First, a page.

COLUMBIA — Adrienne Long and Alana Flowers were killing time between classes at the MU Student Center. They are both 21, African-American and will be graduating soon with plans to leave Columbia – and chase two very different dreams.
For Long, a communications and business major, it involves moving to Los Angeles, where she plans to attend the Fashion Institute of Design and Merchandising and get a job.
"My American Dream is to be working, standing on my own two feet by 25," she said. "By 29, I'm where I want to be in life, in my career, financially. And by 30, I'm making strides toward having $1 million in my bank account. My American Dream is my goals."
A family fits into Long's ambitious picture once she's 26 or 27.
"Kids wear you down. I don't really like them," Long said. Across the table, her friend Alana Flowers burst into laughter.
Flowers is the single mom of a 2-year-old girl, who lives with her in Columbia. Being a full-time student and a full-time mom has been hard, she said. But it has also been a motivator for wanting to do things better.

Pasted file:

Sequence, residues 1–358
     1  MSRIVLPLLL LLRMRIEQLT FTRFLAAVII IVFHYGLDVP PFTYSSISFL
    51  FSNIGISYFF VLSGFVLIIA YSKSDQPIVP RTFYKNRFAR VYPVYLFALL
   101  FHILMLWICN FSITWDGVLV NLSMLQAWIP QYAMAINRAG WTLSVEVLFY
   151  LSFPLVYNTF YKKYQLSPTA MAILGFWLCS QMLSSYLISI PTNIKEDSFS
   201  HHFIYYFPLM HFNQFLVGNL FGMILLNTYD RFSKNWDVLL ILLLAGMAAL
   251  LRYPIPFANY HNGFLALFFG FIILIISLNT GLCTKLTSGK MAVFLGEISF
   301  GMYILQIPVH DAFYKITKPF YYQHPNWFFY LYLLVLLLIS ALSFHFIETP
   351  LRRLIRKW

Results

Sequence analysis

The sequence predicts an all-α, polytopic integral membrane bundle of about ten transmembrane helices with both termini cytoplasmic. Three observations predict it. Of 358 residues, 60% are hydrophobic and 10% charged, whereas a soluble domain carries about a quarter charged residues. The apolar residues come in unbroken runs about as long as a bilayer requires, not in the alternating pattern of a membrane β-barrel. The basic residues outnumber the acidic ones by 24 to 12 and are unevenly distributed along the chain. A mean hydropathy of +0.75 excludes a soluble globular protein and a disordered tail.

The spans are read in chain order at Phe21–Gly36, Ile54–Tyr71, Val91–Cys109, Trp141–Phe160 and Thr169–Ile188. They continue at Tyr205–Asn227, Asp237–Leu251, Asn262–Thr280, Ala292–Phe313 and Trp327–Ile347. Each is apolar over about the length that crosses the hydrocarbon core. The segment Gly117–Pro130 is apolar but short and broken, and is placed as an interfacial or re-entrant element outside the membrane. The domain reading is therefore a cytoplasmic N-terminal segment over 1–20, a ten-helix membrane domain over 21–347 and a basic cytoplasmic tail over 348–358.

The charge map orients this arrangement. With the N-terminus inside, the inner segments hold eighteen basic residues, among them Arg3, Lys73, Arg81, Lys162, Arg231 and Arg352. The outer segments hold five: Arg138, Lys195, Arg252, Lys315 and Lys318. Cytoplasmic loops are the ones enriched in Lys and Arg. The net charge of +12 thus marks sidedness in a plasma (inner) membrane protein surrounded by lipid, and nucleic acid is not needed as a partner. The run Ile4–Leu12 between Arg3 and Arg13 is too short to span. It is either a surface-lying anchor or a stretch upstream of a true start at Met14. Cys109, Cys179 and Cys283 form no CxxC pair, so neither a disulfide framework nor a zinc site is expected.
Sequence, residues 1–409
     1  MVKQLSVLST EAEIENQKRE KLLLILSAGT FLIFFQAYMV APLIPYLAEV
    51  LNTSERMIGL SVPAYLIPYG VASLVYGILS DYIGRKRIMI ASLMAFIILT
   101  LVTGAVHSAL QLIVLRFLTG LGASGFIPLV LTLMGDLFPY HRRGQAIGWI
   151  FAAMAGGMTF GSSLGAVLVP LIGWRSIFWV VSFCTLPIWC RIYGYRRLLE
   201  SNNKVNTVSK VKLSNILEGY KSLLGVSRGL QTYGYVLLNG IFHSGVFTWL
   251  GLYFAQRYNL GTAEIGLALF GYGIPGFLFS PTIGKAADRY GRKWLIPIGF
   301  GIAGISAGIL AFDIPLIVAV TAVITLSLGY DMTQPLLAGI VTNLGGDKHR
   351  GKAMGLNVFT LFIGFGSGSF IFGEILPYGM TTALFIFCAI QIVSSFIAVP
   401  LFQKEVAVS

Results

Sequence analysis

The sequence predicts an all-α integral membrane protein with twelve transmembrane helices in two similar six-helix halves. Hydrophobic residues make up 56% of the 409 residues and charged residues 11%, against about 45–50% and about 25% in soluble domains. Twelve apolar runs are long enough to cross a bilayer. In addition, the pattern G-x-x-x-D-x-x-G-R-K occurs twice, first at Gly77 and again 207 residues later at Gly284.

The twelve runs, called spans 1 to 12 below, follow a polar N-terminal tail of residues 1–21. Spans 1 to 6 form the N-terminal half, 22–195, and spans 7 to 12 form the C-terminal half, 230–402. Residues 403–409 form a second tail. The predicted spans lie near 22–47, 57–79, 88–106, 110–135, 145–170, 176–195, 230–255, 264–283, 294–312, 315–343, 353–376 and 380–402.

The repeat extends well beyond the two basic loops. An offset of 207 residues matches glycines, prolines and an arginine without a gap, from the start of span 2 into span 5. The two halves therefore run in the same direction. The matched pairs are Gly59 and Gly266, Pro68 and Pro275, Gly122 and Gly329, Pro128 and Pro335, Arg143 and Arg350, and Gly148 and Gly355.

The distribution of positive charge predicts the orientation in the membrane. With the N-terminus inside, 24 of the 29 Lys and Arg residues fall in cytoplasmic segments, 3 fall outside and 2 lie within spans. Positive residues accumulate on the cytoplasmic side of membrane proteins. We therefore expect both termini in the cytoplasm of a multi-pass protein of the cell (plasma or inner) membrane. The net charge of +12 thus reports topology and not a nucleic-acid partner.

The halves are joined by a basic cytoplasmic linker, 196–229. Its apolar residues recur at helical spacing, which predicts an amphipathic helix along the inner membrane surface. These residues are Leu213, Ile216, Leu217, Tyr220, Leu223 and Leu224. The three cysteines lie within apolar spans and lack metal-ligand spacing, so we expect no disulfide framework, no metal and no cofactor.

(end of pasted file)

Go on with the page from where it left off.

After getting her degree in communications and business at MU, Flowers might return to her hometown, St. Louis, to be close to her family. Or she might go to grad school. Either way, she has no doubts that she will be able to build a successful career in public relations.
"I feel like I would be the type of woman to put my career before a man at this time," Flowers said. "I just really want to get myself established and have a good foundation for me and my child before I bring anybody else in. So my American Dream is kind of backwards: Go ahead, have a baby, get a career and then get married. I don't know, but everything has been working out in my favor thus far, so I don't have any worries."
This story is part of the American Next, a special project exploring the hopes, fears and changing expectations of Missouri's next generation in challenging times.